For moderate to severe joint pain, anti-inflammatory agents are indicated. Over-the-counter preparations utilized are ibuprofen (Motrin or Advil) and naproxen (Aleve). Prescription non-steroidal anti-inflammatory drugs include oxaprozin (Daypro), piroxicam (Feldene), and sulindac (Clinoril). Side effects of this group of medications include stomach pain, diarrhea, nausea, and vomiting. Serious side effects can be liver problems, kidney problems, anemia, heart attack, and stroke.

Prednisone, an oral corticosteroid, can also be utilized to treat severe joint pain. It drastically reduces inflammation. Oral corticosteroids are not indicated for long-term treatment of joint pain. Hydrocodone and oxycodone with or without acetaminophen (Tylenol) can also be used in the management of severe joint pain. Their main target is pain. Oral narcotics should be used with caution as long-term use can lead to abuse and addiction.

Joint injections with corticosteroids and hyaluronan (Synvisc) can also be used for joint pain. Injection corticosteroids mainly target inflammation. Hyaluronan mimics biological synovial fluid found in joints. No greater than three injections per year should be given with these agents.

Chondroitin and glucosamine have provided relief for some with joint pain. These are over-the-counter supplements and are considered alternative therapies. They are components of natural cartilage. They are available in a variety of forms and have no adverse effects.

Non-drug treatment of joint pain can include physical therapy (PT). PT modalities include ultrasound, cryotherapy, heat therapy, and nerve stimulation. Joint stability, power, and flexibility can be re-established with physical therapy. Weight loss can be achieved with low-impact exercise, which can relieve stress on overburdened joints.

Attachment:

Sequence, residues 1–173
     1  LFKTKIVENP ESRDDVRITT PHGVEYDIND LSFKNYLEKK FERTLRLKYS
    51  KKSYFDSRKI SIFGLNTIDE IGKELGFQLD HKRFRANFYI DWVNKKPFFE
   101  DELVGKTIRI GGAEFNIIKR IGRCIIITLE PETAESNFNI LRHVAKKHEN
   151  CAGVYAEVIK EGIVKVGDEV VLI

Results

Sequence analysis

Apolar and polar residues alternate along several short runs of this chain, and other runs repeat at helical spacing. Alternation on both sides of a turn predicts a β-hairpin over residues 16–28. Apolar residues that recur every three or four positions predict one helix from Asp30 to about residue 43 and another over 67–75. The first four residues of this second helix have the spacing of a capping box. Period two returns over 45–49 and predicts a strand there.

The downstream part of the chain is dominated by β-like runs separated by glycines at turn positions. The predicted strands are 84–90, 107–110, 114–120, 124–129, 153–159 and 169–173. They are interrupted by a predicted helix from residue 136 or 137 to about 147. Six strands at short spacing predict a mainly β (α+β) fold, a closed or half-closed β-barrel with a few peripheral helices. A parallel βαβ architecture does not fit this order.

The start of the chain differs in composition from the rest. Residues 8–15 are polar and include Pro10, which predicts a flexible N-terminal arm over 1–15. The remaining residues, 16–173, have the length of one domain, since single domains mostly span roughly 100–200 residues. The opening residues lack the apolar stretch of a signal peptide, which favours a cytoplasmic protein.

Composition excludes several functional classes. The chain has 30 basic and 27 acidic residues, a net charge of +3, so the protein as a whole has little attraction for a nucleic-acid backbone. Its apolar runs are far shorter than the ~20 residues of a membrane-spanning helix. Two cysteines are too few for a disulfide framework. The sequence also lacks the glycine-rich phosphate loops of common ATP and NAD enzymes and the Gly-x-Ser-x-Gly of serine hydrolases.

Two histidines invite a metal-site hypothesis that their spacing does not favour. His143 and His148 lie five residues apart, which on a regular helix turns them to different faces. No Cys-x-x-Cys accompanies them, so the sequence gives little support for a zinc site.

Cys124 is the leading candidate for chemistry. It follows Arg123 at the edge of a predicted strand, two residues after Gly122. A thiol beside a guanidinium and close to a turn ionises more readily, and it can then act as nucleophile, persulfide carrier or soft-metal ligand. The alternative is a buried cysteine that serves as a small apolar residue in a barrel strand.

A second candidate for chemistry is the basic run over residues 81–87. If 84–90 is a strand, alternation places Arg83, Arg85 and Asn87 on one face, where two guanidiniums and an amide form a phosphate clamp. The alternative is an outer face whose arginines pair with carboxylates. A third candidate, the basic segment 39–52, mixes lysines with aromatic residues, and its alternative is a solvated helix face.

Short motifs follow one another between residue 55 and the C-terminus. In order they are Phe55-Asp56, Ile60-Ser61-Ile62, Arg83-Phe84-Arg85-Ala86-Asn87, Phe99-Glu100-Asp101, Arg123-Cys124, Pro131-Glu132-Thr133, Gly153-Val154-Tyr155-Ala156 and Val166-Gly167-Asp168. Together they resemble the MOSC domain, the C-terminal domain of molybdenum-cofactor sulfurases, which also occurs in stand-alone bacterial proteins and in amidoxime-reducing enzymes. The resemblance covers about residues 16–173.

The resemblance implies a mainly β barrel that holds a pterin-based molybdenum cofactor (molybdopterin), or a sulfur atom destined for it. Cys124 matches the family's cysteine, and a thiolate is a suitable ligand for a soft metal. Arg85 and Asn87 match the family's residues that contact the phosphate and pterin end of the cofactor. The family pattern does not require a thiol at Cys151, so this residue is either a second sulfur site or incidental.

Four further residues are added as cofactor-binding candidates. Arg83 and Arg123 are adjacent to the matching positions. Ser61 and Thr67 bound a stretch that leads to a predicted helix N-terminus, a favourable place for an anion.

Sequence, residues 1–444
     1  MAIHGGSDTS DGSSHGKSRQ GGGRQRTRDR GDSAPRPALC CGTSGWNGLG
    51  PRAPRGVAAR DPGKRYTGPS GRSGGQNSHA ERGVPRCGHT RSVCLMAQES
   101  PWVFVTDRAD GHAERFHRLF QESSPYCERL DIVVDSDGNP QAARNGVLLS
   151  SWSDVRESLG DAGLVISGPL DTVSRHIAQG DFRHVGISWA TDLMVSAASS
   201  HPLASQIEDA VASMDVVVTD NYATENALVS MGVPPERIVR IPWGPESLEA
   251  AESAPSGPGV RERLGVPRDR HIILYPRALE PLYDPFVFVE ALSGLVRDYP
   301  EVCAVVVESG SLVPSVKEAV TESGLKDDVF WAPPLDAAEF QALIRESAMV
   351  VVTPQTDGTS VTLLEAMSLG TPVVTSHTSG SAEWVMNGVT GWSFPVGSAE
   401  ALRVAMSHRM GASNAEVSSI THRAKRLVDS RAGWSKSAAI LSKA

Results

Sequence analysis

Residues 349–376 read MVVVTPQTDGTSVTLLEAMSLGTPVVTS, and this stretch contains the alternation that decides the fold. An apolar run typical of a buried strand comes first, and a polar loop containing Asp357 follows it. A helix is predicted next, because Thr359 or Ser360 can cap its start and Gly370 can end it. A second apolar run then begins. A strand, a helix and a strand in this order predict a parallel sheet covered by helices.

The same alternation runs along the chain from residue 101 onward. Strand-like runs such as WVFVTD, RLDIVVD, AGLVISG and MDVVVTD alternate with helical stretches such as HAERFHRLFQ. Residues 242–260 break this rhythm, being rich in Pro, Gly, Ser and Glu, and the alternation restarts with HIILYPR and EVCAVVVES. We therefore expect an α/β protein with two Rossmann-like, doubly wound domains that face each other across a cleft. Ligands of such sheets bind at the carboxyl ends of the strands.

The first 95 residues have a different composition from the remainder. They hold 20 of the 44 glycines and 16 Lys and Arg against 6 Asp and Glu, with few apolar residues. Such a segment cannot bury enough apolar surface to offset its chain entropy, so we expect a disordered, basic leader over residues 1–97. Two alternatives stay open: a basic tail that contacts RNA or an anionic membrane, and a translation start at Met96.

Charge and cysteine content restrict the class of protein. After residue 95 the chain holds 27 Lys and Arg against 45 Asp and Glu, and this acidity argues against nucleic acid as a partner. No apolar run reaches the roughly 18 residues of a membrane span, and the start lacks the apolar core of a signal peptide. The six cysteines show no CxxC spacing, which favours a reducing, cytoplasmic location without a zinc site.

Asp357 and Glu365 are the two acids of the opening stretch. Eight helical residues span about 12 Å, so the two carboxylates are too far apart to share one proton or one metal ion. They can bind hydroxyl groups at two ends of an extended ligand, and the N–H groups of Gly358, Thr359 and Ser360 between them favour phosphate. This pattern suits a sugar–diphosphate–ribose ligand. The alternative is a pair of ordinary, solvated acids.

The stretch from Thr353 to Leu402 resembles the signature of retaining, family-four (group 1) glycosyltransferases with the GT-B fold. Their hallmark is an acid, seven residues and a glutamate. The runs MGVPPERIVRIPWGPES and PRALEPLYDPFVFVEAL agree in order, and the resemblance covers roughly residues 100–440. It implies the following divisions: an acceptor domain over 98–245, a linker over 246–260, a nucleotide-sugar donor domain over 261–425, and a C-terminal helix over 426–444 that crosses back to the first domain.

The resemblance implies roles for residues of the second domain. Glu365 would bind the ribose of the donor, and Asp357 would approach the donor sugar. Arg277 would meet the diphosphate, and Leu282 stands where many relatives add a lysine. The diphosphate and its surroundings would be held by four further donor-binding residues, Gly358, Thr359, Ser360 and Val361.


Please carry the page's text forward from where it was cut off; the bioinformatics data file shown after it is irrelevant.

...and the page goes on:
Lastly, those with joint pain as a result of end-stage osteoarthritis are candidates for joint replacement. Shoulders, knees, and hips are commonly replaced. Surgery on these joints can relieve pain and restore function.

Conclusion

Joint pain is common and can lead to decreased enjoyment of life. The causes of joint paint are many. Management of joint pain requires a multidisciplinary approach. Modalities can include conservative and not so conservative measures. Any plan of treatment for joint pain should be supervised by a competent medical professional to ensure maximum results.

At Texas Pain our goal is to relieve your pain and improve function to increase your quality of life.
Give us a call today at 713-458-4530.

References

  1. Arend WP, Lawry GV. Approach to the patient with rheumatic disease. In: Goldman L, Schafer AI, eds. Cecil Medicine. 24th Philadelphia, PA: Saunders Elsevier; 2011:chap 264.
  2. Ayral X. Injections in the treatment of osteoarthritis. Best Pract Res Clin Rheumatol. 2001;15(4):609-26.
  3. QuickStats: Percentage of adults reporting joint pain or stiffness. National Health Interview Survey. 2006: United States.
  4. Martin TJ, Eisenach JC. Pharmacology of opioid and non-opioid analgesics in chronic pain states. J Pharmacol Exp Ther. 2001;299(3):811-7.
  5. Schaible HG, Eberseberger A, Von Banchet GS. Mechanisms of pain in arthritis. Ann NY Acad Sci. 2002;966:343-54.
  6. Sluka KA. Pain mechanisms involved in musculoskeletal disorders. J Orthop Sports Phys Ther. 1996;24(4):240-54.